Tuesday, March 22, 2011

Speech geometry: lines, circles, forks, and combs

On February 6th John Zimmer blogged about Basic Speech Geometry. He began by noted that many people think of a speech as being something linear, as shown above.

There is no good reason why that line needs to be straight though. A speech could follow some sort of a story arc instead.

Then John continued by saying that instead:

“I believe that a speech should be circular. Not in the sense that you keep going over the same point again and again. Rather, I mean that the conclusion should somehow bring the audience back to the introduction.”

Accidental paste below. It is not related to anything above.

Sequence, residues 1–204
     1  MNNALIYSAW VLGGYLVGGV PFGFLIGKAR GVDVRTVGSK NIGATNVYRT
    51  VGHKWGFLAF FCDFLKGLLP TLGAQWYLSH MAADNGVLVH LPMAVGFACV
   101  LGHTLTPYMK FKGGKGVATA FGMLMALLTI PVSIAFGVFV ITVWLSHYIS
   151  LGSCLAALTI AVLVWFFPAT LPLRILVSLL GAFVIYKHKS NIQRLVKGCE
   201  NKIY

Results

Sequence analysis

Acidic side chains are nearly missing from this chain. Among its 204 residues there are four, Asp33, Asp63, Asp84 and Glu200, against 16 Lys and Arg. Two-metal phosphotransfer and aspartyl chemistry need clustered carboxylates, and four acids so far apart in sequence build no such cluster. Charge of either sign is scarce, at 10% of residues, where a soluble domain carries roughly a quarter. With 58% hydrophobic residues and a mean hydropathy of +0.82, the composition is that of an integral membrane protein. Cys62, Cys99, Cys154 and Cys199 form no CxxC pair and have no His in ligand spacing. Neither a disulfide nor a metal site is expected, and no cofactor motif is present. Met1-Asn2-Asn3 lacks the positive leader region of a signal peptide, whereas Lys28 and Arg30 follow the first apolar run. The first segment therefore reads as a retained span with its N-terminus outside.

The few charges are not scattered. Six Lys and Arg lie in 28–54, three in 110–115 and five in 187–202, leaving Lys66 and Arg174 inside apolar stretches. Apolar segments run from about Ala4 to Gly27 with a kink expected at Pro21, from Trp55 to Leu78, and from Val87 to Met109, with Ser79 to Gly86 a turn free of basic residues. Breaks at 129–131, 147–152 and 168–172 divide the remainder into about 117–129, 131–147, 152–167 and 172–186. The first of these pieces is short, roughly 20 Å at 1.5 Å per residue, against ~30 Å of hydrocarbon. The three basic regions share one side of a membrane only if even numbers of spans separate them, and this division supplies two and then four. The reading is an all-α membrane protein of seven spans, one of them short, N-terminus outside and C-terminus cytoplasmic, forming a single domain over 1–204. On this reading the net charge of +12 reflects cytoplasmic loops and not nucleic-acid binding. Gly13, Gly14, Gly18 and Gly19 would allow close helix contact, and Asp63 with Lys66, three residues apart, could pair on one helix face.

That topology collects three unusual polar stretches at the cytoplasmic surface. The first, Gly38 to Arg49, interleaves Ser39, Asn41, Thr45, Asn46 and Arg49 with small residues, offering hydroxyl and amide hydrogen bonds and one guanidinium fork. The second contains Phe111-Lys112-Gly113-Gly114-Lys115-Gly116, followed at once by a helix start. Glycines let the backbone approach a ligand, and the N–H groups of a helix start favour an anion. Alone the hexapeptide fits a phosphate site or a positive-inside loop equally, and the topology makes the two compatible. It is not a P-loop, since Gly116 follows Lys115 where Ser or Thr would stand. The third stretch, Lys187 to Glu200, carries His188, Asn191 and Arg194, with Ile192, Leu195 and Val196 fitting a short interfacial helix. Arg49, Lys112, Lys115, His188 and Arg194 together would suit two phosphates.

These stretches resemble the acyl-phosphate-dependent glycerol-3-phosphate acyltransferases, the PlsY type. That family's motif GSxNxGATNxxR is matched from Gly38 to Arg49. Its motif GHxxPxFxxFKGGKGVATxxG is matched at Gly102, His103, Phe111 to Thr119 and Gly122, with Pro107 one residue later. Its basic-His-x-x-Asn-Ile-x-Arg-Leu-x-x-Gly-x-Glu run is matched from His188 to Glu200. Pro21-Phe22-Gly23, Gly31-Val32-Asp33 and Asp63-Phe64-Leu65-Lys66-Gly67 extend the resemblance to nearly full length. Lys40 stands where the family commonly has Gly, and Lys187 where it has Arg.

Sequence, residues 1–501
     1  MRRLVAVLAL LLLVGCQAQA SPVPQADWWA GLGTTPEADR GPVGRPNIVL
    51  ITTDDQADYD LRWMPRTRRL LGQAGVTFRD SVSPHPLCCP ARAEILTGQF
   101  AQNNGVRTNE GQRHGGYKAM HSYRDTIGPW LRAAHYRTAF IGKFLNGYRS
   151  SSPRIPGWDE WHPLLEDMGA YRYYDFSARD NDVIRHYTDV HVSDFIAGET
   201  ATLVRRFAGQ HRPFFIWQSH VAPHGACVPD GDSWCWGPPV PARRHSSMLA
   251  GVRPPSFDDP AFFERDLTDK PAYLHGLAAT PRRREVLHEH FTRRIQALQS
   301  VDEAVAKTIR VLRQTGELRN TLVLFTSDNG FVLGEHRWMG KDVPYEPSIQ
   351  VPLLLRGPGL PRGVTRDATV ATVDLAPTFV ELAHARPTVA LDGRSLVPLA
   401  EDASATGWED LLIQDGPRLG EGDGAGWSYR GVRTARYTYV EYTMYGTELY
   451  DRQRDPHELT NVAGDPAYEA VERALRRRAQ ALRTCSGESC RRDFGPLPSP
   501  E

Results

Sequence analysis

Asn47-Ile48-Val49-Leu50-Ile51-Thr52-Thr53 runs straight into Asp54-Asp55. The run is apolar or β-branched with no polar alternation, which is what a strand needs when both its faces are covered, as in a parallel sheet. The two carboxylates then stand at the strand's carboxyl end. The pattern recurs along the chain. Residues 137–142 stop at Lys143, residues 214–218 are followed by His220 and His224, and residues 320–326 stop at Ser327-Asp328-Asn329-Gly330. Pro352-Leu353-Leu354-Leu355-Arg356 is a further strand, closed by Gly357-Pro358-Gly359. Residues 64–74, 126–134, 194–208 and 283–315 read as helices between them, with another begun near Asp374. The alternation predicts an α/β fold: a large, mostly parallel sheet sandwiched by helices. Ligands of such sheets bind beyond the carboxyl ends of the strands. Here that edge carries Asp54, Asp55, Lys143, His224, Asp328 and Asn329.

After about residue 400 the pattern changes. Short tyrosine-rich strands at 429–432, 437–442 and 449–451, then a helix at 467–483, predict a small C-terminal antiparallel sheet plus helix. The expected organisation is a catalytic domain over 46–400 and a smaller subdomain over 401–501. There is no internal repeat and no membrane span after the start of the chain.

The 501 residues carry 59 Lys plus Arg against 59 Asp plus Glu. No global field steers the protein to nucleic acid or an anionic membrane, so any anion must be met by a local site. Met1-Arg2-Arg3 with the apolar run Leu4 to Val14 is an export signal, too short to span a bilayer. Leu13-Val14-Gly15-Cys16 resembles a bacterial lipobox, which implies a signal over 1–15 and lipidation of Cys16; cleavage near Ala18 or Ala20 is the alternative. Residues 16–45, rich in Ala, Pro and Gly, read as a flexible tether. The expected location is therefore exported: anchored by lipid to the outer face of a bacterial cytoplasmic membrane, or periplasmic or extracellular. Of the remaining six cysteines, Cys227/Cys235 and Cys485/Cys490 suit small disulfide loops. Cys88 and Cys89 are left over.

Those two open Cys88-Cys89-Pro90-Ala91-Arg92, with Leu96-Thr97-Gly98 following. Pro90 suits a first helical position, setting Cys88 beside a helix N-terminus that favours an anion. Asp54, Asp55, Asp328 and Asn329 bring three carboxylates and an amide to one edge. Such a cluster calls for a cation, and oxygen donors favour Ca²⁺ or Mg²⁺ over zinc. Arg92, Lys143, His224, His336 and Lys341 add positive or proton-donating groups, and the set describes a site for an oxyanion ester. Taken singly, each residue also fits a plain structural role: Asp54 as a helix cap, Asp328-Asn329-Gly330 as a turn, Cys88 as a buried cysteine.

Last Thursday I blogged about how to Use a storyboard to organize your presentation. As you begin by putting note cards or sticky notes into stacks, you will notice that there also should be clear transitions between the main points.

A speech with three main points (and an opening and closing) will have a geometry that resembles a fork at this stage of planning.

A complicated speech with many points instead will look more like a comb. During planning you might unconsciously be aware of patterns like these. I think naming them works better.

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